Article Text

Web based neurology “textbooks”: www.medlink.com and www.emedicine.com/neuro
Free
1. M Zeidler
1. Victoria Hospital, Hayfield Road, Kirkcaldy, Fife KY2 5AH; martinz{at}globalnet.co.uk jnjunnl.s1

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Medlink (www.medlink.com) and eMedicine (www.emedicine.com/ neuro) tout themselves as comprehensive web based neurology “textbooks”. Medlink is a US based service devoted solely to neurology. It has the disadvantage of a hefty fee for access: $416 annually (or$319 if you agree to view adverts). On the plus side you receive a CD updated quarterly—copy this to your laptop’s hard drive and you can carry around a textbook that contains about 1000 articles (with a total word count I estimate at over double Bradley’s Neurology in clinical practice). Furthermore, the site and CD include pictures and over 100 videos. There is no annoying bar on copying these or the text, so a multimedia presentation on the neurological topic of your choice can be prepared, in theory at least, in minutes. Searching for articles is straight forward, and each topic is laid out in the same logical order. Further attractions include web forums, patient information leaflets, and a news section.

eMedicine is also a US based site, but in contrast encompasses the whole of clinical medicine. The service, in its basic form (restricted access to pictures), is free, although you have to suffer banner adverts and a registration procedure. In length and format comparable to Medlink, 384 neurology topics are listed, but in general with superior information on treatment.

To evaluate these sites I picked on some issues raised from recent consultations: the management of migraine in pregnancy, the switching of anticonvulsants, the third line management of essential tremor, and the clinical diagnosis of subarachnoid haemorrhage. Secondly, I assessed the information on a number of rare disorders I have encountered in the past few months: familial episodic ataxia, Hallervorden-Spatz syndrome, and hemimasticatory spasm.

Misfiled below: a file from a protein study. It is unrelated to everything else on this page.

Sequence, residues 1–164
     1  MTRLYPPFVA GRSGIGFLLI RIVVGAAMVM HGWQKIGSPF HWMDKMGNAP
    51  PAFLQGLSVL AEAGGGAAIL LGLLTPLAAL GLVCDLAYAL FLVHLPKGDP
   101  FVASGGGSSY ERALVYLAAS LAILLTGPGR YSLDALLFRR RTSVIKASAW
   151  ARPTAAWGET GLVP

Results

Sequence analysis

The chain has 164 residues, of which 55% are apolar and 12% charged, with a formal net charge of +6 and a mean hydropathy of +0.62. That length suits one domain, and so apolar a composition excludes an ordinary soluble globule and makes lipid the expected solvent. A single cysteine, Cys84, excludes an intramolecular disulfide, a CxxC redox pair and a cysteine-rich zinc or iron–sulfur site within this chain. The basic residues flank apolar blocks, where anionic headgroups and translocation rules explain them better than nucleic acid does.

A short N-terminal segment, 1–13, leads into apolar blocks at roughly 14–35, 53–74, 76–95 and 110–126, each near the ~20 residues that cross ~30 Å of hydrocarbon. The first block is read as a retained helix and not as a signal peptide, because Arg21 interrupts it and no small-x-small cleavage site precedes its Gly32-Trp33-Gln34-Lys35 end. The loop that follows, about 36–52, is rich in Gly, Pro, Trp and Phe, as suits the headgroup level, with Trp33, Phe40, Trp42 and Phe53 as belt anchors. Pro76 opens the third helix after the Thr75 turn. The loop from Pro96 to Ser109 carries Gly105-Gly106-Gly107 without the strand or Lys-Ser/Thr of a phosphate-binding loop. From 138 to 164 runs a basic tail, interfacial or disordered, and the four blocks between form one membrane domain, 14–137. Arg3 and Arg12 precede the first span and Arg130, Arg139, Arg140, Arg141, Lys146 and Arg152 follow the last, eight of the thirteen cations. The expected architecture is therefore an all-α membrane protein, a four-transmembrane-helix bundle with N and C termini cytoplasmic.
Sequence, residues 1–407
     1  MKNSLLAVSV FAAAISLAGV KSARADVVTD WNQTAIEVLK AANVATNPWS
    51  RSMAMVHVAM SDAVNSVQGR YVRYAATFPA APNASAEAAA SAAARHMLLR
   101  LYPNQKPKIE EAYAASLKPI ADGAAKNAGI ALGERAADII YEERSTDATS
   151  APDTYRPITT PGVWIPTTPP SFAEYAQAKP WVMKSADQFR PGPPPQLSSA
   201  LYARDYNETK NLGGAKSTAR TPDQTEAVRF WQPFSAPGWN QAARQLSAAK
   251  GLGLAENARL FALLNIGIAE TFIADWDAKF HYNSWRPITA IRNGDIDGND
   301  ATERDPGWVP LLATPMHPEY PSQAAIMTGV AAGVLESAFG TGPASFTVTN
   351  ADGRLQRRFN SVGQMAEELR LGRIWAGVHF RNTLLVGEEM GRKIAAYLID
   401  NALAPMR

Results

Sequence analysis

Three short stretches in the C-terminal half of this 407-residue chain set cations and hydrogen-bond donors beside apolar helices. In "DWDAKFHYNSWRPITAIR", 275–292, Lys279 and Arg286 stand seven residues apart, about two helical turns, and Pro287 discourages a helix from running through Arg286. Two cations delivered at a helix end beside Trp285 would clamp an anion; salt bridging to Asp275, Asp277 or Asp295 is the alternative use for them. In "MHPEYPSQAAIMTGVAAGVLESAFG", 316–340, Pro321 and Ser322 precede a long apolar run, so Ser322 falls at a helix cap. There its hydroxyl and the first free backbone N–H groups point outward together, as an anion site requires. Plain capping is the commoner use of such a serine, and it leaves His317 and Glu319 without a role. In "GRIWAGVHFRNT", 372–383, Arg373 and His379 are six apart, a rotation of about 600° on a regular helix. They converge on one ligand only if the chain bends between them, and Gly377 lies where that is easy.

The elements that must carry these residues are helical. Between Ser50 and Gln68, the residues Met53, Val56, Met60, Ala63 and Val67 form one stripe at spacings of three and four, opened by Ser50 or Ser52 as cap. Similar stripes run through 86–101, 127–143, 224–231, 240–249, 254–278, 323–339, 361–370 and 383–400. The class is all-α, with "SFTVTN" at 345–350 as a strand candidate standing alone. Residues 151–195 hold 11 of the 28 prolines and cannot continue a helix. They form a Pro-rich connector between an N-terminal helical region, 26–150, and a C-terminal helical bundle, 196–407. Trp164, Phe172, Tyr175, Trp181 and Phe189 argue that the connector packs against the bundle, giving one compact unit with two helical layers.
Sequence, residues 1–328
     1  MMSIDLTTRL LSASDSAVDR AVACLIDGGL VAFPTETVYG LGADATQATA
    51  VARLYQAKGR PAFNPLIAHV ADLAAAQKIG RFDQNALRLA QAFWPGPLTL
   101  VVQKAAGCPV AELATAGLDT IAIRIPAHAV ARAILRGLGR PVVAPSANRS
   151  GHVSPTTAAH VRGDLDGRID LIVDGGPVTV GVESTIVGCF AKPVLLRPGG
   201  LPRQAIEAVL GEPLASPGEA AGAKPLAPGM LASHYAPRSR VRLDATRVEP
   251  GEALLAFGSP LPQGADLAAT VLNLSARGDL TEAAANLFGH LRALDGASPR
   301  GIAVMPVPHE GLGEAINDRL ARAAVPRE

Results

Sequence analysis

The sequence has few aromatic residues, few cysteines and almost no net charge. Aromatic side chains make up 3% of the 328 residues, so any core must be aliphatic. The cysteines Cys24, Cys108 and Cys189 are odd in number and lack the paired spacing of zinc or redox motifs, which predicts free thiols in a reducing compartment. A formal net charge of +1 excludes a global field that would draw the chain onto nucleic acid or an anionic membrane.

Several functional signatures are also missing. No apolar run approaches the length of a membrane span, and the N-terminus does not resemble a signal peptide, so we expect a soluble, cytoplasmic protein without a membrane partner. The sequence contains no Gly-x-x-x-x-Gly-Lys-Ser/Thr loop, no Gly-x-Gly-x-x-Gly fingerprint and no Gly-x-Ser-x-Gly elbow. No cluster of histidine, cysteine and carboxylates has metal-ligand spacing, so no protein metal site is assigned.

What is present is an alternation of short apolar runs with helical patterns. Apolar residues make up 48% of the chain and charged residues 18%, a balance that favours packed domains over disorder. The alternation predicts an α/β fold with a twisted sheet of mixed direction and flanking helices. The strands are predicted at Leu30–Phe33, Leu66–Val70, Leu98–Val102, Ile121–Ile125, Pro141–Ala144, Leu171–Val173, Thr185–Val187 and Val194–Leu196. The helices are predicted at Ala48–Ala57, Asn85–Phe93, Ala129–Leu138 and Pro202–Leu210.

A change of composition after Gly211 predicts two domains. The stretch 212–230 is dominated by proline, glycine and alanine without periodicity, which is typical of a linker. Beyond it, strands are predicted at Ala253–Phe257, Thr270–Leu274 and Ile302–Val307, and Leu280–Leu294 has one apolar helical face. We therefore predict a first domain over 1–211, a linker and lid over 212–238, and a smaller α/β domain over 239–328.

The rarities were dealt with relatively well by both sites, although the referencing and, to a lesser extent, the depth of material was better at Medlink. It was disappointing that neither suggested the correct spelling (as “Google” would) when “Hallevorden” was entered, although surprisingly eMedicine did come up with two related articles containing this mistake. The treatment of migraine in pregnancy was not specifically discussed by either site, although eMedicine provided some information. Medlink also failed to provide useful advice on switching anticonvulsants, whereas eMedicine did at least give specific guidance on speed of withdrawal. The management of essential tremor was dealt with in depth by both services, with eMedicine, in contrast to Medlink, giving pragmatic guidance for situations where evidence is lacking. The difficult, but common, issue of clinically distinguishing subarachnoid haemorrhage from a benign headache was not addressed by either site. Furthermore, Medlink did not mention spectrophotometry and eMedicine did not discuss the evidence (or lack of it) for the use of this test. These criticisms should not detract from the fact that these sites are impressive resources that should be commended for what they have achieved. And the future? Hopefully an even more comprehensive resource, including high quality video, no banner adverts, and no fee. A challenge, perhaps, for national/international neurological associations in the digital age?

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